Foods and Nutrition. Lean Up the “Whole” Way – Part 2

Foods and Nutrition. Lean Up the “Whole” Way – Part 2

In Part 1 we looked in some detail at great nutritious eating and the impact it has on fuelling and shaping the body. Here we conclude with plenty of further information and explanation as well as a wonderful recipe for you to follow and enjoy!

Powerful body protein nutrition

Protein provides the body with the building blocks for muscle growth and repair. Lean meats like: turkey, chicken, lean red meat and even game meats like venison are packed full of essential and non-essential amino acids. All of which are required to facilitate development and recovery.


These meats also contain valuable vitamins and minerals like zinc, iron and potassium all needed by the body for peak performance, and because they have a high biological value, they are easily digested and absorbed by the body. At least 30% of a fitness trainer/athlete’s daily calorie intake should come from natural protein sources and it is essential they consume a small amount post workout too.

Daily macros

Each fitness trainer/athlete will be different when it comes to just how many grams of protein, carbohydrates or fat they need to consume daily in order to get lean and maintain safe levels of body fat.


The US Anti Doping Agency has developed a formula to accurately calculate how many carbohydrate grams should be consumed. They argue the daily carbohydrate intake should be between 2.5g and 6g per pound of body weight and should depend on the amount of exercise carried out, for example, a 160lbs/70kg football player exercising for 1 hour a day needs 400g carbohydrate a day:

Weight in pounds 160 X Carbs in grams 2.5 = Daily carb intake 400g


Protein requirements certainly vary from sport to sport and fitness activities with strength athletes/trainers needing obviously more than endurance athletes. According to the International Journal of Sport Nutrition and Exercise Metabolism, strength athletes require between 1.2g and 1.7g of protein per kilogram of bodyweight per day and endurance athletes 1.2g and 1.4g per kilogram of bodyweight per day.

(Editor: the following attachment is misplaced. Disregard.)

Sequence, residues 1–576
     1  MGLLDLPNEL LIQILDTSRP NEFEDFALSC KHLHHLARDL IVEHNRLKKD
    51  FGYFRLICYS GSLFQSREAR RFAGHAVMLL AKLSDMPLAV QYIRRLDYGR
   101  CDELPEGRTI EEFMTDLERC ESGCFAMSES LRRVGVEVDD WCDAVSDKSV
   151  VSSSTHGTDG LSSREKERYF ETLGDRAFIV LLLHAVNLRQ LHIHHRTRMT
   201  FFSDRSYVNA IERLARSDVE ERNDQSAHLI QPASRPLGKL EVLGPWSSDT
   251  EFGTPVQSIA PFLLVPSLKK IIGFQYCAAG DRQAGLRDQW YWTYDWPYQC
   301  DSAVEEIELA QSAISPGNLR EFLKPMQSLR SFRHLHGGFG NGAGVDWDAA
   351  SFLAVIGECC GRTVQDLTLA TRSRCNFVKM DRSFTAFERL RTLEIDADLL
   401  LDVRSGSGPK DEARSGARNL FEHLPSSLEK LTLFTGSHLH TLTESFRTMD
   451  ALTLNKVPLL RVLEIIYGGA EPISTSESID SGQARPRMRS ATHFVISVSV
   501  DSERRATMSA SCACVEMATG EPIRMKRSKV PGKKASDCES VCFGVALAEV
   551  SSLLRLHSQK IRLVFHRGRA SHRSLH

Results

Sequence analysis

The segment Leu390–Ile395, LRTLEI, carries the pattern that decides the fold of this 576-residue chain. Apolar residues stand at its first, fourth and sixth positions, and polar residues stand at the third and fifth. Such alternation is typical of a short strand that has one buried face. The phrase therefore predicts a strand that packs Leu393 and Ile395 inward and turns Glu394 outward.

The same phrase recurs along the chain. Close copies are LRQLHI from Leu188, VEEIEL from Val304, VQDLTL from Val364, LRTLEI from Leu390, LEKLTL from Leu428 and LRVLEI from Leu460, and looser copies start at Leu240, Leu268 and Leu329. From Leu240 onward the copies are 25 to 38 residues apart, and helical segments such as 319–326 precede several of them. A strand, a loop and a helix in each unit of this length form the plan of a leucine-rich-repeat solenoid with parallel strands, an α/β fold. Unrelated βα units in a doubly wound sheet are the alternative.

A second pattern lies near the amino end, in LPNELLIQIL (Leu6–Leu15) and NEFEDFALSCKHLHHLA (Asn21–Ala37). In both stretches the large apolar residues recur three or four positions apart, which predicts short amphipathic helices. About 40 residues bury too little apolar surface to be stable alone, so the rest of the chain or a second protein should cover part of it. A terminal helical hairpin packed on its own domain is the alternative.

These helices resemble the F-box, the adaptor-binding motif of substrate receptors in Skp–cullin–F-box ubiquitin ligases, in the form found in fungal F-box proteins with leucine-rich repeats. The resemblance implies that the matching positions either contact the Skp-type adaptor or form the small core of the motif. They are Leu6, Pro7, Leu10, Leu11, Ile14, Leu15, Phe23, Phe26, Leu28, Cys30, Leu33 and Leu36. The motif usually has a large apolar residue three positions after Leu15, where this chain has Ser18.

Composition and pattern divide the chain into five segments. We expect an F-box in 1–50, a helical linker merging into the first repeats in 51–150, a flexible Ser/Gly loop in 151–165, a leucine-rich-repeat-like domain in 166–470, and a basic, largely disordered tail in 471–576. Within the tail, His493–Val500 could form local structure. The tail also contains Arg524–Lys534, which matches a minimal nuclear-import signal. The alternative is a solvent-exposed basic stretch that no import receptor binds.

Therefore, a strength athlete weighing 105kg will require 126g to 177g protein daily and an endurance athlete weighing 75kg will need between 90g and 105g protein each day.


The body needs fat. Healthy body fat levels for a male athletes/serious fitness trainers should range between 5 and 8 percent and 10 to 15 for female athletes/serious fitness trainers. In order to maintain these healthy levels, fitness trainer/athlete’s should consume at least 25 to 35 percent of their daily calorie intake from fat.

Foods and Nutrition. Lean Up the “Whole” Way – Part 2

Lean recipe: Three Bean Turkey Chilli

– 450g Ground turkey breast
– 1 tin chickpeas
– 1 tin black beans
– 1 tin kidney beans
– 1 tin chopped tomatoes
– 1 onion, sliced
– 400ml chicken stock
– 1 red chilli, deseeded and diced
– ½ tsp cumin
– Pinch of salt
– ¼ tsp cinnamon
-1 tbsp olive oil


Heat the olive oil in a large pan on a low heat. Add the sliced onion and sauté for 5min. Add the ground turkey breast and brown for a further 5min before adding the diced red chilli, the three beans and tomatoes.

Pour in the stock and all the different spices. Bring to the boil and give it a good stir. Then lower the heat until the chilli simmers and reduces for 20min.

Serve with long grain whole rice. information

Serves: 6, Per serve: 293kcal, 31g protein, 32g carbs, 5g fat, 11g fibre

Lean daily diet example


45g porridge oats made with 300ml skimmed milk and a little honey.

Mid-morning snack

120g low-fat yoghurt with raspberries.


Grilled chicken breast and salad sandwich made with whole wheat bread and low fat mayo.

Afternoon snack

Protein smoothie: 25g whey protein, ½ banana and 10 black cherries (depipped)


6 oz Fillet steak stir fry with legumes, sesame seeds, broccoli, mushrooms and red pepper.

Evening snack

A glass of skimmed milk